Now I was safely home in Port Naain, I was wary about just picking up where I left off. After all, I’d left the city under something of a cloud with unpleasantly inclined people hunting for me. There again, I’d merely assumed they were unpleasantly inclined, I hadn’t waited long enough for them to prove their intentions one way or another. I had decamped from the city because I was being blamed, I feel unfairly, for the publication of a book of children’s tales. These tales were claimed by some to cast a harsh light on the antics of the rich and powerful. Now I’ve upset the rich and powerful before and so far my unfailing solution to the problem is to just leave the city for a few months. Thus I when I arrive back, these people have been upset by somebody else and I have been forgotten. In this case I suspected that I hadn’t been away for long enough.
What to do about it? Well what I did was to quietly go about my business, visiting patrons and suchlike, but all the while trying to pick up any gossip that might be relevant to my situation.
You might be surprised to discover what you can overhear if you’re careful.
I once overheard two ladies expressing their surprise that a third lady seemed to have forgiven me for some unintended slight or the other. Fortified by that knowledge I acted immediately, wrote the lady what I felt was a charming poem, and called upon her to both apologise if I had offended her, and to present her with the poem. As it was, the two ladies I’d overheard were correct and the lady had realised that it was a lot of fuss over nothing. Hence when I arrived to apologise I was made most welcome and the rupture between us was securely healed.
Yet on another occasion I had just finished giving the company a selection of verses. As I moved quietly through the throng I heard one lady ask another where a third lady had disappeared to. The answer rather perturbed me. “Oh she’s just realised that Tallis is here so she had gone to get her sedan chair bearers to give him a sound thrashing. So I sought out my hostess, and explained that it was probably for the best if I disappeared quietly without attracting attention. She was most understanding and recommended that I leave via the kitchen. To be fair, when I arrived in the kitchen, the cook asked why I was leaving through the back door. I explained. Because I’d always made a point in dropping into the kitchen with a few tales for those working there, Cook was dismayed at this news and insisted I take a shoulder of orid, “For you and that lovely wife of yours.”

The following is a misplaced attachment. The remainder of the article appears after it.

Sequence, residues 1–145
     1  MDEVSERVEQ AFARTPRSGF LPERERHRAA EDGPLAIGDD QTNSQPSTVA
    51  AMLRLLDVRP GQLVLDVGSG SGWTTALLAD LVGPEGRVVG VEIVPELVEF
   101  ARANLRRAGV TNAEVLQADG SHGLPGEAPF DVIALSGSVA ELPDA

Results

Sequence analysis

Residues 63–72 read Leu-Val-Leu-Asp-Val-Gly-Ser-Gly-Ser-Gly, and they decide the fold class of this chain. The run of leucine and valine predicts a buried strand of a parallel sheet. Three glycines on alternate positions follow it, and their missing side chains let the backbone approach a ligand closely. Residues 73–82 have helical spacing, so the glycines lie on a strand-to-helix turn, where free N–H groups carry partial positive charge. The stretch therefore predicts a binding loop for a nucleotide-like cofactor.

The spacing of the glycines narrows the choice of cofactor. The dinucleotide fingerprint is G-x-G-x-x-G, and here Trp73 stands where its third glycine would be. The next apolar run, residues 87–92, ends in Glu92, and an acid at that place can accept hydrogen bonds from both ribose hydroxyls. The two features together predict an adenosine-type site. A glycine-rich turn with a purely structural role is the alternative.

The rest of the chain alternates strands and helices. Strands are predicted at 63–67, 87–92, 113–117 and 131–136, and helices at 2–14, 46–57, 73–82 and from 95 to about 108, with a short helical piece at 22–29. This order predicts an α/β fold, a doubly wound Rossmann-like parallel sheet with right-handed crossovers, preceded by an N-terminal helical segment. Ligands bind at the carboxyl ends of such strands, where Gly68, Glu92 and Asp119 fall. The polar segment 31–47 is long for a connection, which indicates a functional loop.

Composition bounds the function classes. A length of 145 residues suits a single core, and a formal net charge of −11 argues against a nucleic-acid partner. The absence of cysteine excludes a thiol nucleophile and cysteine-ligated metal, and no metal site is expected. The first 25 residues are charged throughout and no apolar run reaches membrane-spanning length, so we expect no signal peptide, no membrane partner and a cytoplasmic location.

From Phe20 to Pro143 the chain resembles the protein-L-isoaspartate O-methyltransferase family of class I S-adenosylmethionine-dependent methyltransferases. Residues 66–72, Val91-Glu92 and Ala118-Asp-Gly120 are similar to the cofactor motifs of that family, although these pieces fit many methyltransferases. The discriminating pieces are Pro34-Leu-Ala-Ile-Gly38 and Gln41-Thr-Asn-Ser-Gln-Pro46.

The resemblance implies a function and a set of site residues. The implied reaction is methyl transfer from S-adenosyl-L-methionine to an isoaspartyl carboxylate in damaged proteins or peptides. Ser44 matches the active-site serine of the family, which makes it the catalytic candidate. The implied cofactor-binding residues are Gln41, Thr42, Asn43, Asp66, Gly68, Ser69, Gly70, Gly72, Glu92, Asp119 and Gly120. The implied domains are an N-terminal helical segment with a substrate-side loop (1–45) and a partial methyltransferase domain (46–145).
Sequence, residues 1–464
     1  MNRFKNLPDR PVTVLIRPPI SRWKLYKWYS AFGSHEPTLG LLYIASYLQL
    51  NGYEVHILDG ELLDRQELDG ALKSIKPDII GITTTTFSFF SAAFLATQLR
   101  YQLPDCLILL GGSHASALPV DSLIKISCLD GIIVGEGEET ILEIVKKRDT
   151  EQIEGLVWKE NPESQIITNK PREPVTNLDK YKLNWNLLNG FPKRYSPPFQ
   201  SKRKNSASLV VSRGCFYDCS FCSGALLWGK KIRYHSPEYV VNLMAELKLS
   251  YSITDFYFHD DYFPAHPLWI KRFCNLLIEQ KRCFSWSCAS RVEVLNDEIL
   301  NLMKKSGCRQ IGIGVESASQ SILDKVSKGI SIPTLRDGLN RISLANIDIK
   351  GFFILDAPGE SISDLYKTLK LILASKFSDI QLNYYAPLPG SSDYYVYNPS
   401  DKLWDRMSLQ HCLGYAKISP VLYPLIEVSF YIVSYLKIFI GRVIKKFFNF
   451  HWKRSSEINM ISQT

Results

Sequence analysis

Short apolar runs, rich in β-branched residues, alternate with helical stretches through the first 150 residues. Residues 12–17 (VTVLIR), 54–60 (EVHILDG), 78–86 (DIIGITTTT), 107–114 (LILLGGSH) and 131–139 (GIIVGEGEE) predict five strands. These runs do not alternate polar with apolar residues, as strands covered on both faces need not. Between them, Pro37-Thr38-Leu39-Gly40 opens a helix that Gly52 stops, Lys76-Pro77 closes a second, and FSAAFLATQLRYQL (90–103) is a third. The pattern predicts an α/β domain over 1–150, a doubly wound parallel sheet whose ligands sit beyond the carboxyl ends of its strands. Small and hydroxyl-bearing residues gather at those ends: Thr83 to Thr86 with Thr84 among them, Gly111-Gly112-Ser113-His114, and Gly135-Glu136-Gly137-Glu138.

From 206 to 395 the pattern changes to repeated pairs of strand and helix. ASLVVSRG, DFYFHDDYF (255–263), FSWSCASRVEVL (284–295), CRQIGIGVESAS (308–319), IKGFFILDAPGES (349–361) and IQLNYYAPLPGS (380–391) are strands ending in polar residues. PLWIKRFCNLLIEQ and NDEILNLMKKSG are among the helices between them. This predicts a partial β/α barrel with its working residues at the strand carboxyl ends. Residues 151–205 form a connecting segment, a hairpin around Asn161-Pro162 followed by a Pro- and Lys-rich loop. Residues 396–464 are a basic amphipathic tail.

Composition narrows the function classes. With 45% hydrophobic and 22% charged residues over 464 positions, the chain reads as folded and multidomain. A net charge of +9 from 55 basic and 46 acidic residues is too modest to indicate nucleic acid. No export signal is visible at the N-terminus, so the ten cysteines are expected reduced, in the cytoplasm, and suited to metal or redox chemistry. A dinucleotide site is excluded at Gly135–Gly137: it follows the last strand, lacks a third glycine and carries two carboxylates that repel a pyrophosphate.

But I seem to have drifted off the point. I was forced to walk as if on eggshells, as I didn’t know whether I was still in bad odour or not. There are times I wish that there was somebody definitive I could just ask. They would come up with a ‘yes’ or ‘no’ answer and I could act accordingly.
Yet even this sort of service would not be without its problems. Dorbert Wengul had once attempted to provide something similar. Dorbert was one of those people who would often express his opinion first and contemplate the consequences later. After several hard lessons, he learned discretion. But his experiences had given him an idea. He would keep abreast of events generally. Thus if, for example, a poet had inadvertently offended somebody and felt it wise to leave the city, the poet could just drop Dorbert a line and Dorbert would write back stating whether it was or was not safe to return.